As a student, all is well. Your environment is protective, supportive and enthusiastic. You might even sell your first works to family or friends. In start-up world, we call this the 3Fs: family, friends and fools. They are nothing other than positive and admire your drive and creativity. The graduation show is great, so many visitors and so many nice people, maybe even a gallery offers you a place in their annual graduation selection group show. But then it becomes quiet, your work needs more research and depth and you need time to find your style. The art world does not wait and appears to lose interest. You are on your own and have to start thinking how to build a name for yourself. Do you want to be an artist? If so, how are you going to survive? You need Seed Capital.
Seed Capital stage
This is the first stage of attracting investors to your practice. They bear the highest risks since you are completely unknown and it is very likely you will not succeed as an artist. Subsidies like the Mondriaan Fonds in the Netherlands are a good source in this period, just like Residencies as the Rijksakademie and submitting work for Awards.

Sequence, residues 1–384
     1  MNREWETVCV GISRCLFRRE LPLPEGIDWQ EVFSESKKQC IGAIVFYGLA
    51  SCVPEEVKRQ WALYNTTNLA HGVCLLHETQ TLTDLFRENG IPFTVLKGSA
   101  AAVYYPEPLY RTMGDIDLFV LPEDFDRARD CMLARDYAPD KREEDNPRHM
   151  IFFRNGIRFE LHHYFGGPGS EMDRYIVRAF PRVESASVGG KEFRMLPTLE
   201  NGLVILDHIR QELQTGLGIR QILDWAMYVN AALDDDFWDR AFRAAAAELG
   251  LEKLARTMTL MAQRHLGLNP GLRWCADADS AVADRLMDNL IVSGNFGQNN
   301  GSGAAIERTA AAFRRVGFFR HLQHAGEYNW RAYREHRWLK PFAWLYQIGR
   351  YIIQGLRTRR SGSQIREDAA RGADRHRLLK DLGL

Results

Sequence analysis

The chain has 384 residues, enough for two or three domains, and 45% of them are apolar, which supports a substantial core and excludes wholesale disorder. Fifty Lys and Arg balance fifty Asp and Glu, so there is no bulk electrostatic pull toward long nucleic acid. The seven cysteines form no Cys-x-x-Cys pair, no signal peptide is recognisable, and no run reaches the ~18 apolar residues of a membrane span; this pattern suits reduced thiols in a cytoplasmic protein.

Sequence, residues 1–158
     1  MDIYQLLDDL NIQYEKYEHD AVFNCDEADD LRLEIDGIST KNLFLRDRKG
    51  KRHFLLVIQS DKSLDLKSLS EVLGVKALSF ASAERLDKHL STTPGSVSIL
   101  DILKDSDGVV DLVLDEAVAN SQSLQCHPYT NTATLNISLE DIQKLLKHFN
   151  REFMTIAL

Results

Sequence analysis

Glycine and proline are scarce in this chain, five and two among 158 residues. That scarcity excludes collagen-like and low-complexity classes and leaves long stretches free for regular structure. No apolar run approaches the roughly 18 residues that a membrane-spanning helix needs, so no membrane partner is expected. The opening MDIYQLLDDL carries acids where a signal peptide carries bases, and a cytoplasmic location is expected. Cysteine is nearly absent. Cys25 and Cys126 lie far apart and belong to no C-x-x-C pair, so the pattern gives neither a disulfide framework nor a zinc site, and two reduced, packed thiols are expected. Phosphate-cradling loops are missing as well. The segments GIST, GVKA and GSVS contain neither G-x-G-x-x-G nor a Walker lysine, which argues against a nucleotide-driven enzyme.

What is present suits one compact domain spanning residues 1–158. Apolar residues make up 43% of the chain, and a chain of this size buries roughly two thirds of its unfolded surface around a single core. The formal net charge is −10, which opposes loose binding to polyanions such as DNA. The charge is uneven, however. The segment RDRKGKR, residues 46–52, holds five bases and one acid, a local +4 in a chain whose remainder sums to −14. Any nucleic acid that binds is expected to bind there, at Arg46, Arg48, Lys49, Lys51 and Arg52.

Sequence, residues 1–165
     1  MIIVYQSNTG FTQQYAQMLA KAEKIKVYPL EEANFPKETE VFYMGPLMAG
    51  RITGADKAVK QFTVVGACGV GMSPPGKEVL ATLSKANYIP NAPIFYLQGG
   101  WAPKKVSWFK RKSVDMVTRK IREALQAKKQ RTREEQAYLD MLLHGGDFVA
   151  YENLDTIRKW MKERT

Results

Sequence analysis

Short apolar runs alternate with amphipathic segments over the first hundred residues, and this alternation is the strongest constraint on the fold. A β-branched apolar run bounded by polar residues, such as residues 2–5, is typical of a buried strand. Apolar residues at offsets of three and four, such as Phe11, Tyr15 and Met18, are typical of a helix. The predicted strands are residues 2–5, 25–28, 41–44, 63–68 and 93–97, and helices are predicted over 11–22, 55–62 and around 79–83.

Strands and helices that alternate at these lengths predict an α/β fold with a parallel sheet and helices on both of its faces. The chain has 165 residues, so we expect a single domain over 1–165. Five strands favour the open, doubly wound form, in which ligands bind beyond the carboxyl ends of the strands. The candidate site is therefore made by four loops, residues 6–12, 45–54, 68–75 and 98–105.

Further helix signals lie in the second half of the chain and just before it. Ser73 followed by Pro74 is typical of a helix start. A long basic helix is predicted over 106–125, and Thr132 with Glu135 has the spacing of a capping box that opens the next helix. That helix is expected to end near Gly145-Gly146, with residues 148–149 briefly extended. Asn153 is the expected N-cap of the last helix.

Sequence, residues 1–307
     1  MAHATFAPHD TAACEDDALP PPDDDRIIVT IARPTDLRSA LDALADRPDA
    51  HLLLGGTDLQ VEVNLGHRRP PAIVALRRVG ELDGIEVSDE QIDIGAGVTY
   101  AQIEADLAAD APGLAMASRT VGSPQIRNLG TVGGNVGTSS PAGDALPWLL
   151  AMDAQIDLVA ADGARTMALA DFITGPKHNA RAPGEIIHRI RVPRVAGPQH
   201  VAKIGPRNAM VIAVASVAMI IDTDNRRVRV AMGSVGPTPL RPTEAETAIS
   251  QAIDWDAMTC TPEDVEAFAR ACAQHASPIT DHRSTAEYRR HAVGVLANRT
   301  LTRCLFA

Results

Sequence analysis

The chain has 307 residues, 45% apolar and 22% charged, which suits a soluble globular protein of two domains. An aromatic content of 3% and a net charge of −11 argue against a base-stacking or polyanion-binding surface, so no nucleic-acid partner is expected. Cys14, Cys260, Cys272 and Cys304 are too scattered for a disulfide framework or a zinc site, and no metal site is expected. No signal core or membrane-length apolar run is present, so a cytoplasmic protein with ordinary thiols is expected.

Moreover, this is where the Angels enter the game. Business Angels are private investors who invest in promising talent very early on. Apart from the investment, Angels also open their networks and knowledge to help the entrepreneur in every way they can to succeed. In art, it is very uncommon to see Angels but I believe this will change fast.